After a 4-0 start, they suffered consecutive losses to Iowa, Northwestern and Wisconsin, while scoring only 13 points in each contest. They also went on to lose to Michigan, Nebraska and Michigan State, finishing 2-6 in conference play.
Still, the Golden Gophers notched enough victories to earn a date with Texas Tech in the Meineke Car Care Bowl. They put up a good fight in that game but ultimately lost, 34-31, on a last-second field goal.
Despite the end result, head coach Jerry Kill liked the brand of hard-nosed football his team put on the field, and he has used that as a stepping stone into the 2013 campaign.
At the Big Ten Media Day, coach Kill also provided a positive update about his ongoing bout with epilepsy, which caused him to be hospitalized following a loss to Northwestern on Oct. 13. He also missed the second half against Michigan State after suffering another seizure in the locker room at halftime.
"I'm doing great. Things are going great for me," Kill said. "I've got a great doctor that is a specialist in epilepsy. And I've been doing great, looking forward to the season, and I feel like I'm in the best shape of my life."
OFFENSE: Minnesota ranked 94th in the nation in points per game (22.08) and 108th in total offense (321.4 ypg), and the offensive line was hit with some injuries over the summer. Still, the team is awfully deep in the trenches, and a total of 10 starters are slated to return on the offensive side of the ball.
The most integral of those starters is quarterback Philip Nelson, who gained valuable experience last season stepping in for injured starter MarQueis Gray.
"We pulled the redshirt off of Philip in the middle of the year," coach Kill said. "And he certainly played valuable time for us in the last six ball games and did very well. It was a great growing process for him. I think it leads us in to this season where we're not trying to break somebody in."
Kill also has a pair of big, strong backs in Donnell Kirkwood (925 yards) and Rodrick Williams (261 yards). Kill likened that duo to something of a throwback to the physical-style running backs who have come through the program.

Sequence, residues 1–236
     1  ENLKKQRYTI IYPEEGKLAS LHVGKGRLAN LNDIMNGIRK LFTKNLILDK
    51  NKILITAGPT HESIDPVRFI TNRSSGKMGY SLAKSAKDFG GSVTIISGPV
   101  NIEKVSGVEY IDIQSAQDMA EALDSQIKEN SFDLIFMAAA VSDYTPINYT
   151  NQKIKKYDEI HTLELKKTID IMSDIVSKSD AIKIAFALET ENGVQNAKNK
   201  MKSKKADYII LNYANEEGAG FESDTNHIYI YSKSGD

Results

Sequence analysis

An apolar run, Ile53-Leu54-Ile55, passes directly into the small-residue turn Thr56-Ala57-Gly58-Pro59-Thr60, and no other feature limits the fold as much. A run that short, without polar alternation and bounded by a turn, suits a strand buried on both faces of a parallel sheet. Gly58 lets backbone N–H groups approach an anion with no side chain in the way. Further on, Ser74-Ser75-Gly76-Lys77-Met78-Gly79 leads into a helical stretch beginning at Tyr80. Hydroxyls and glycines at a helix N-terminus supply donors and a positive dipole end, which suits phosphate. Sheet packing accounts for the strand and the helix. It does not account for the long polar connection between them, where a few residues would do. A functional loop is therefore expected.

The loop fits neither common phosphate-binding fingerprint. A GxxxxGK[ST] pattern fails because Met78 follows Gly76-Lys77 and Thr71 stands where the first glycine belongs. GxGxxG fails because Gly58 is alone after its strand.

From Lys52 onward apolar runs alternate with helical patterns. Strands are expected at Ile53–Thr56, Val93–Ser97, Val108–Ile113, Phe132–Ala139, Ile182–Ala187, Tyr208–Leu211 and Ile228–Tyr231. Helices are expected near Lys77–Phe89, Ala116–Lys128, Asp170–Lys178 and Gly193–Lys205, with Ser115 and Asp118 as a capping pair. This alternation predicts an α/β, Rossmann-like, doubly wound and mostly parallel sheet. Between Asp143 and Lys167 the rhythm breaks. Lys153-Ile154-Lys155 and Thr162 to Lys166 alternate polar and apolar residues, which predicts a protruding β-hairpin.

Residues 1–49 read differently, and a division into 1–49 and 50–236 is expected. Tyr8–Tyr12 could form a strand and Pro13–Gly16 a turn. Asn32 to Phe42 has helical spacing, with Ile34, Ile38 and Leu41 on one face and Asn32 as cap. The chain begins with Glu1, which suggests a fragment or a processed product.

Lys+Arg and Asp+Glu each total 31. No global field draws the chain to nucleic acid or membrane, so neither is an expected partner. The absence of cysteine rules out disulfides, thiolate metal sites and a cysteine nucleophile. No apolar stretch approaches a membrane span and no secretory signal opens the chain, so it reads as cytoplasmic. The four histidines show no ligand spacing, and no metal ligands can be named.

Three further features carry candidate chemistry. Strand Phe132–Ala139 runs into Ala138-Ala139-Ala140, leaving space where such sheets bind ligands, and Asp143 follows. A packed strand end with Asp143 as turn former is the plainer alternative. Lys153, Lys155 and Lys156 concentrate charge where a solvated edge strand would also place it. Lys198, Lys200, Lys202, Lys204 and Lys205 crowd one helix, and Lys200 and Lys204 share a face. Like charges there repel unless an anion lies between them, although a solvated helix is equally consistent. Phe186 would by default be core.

DEFENSE: The Gophers were a middle-of-the-pack defense in 2012, and the competition only gets tougher in 2013.
Lost from this unit, among others, is end D.L. Wilhite, who led the team in sacks and tackles for loss. But along the interior, senior tackle Ra'Shede Hageman (35 tackles, 6.0 sacks) returns and is coming off an All-Big Ten season.
Aaron Hill (74 tackles, 2 INT) is the only holdover at linebacker, although the team did recruit heavily at the position. In the secondary, both of last year's starting cornerbacks are gone, including Michael Carter, who led the team with four picks and 15 pass breakups. Derrick Wells moved from safety to corner in the offseason after notching 74 tackles and a pair of interceptions, while Brock Vereen (64 tackles, 2 INT) and Cedric Thornton (43 tackles) assume both safety spots.
SPECIAL TEAMS: Senior kicker Chris Hawthorne, who has started in the past, is in line to replace last year's starter, Jordan Wettstein. Punter Christian Eldred returns and will look to improve upon his 38.1-yard average. He did manage to land 22 punts inside the opponent's 20, with only five touchbacks. Return specialist Troy Stoudemire was a huge weapon in terms of field position, but he is no longer around.
OUTLOOK: Do the Golden Gophers have what it takes to earn a second straight bowl bid under third-year coach Jerry Kill?
They made it to the postseason last year despite beating only Purdue and Illinois in Big Ten play. This year, the Gophers will face Michigan, Northwestern and Michigan State on the road, while Nebraska, Penn State and Wisconsin each come to TCF Bank Stadium.
Make no mistake, if they hope to make it back to a bowl game, they'll need to navigate a tougher schedule and come up with a marquee victory or two.
To accomplish that, Nelson is going to have to take a major step forward in his sophomore season.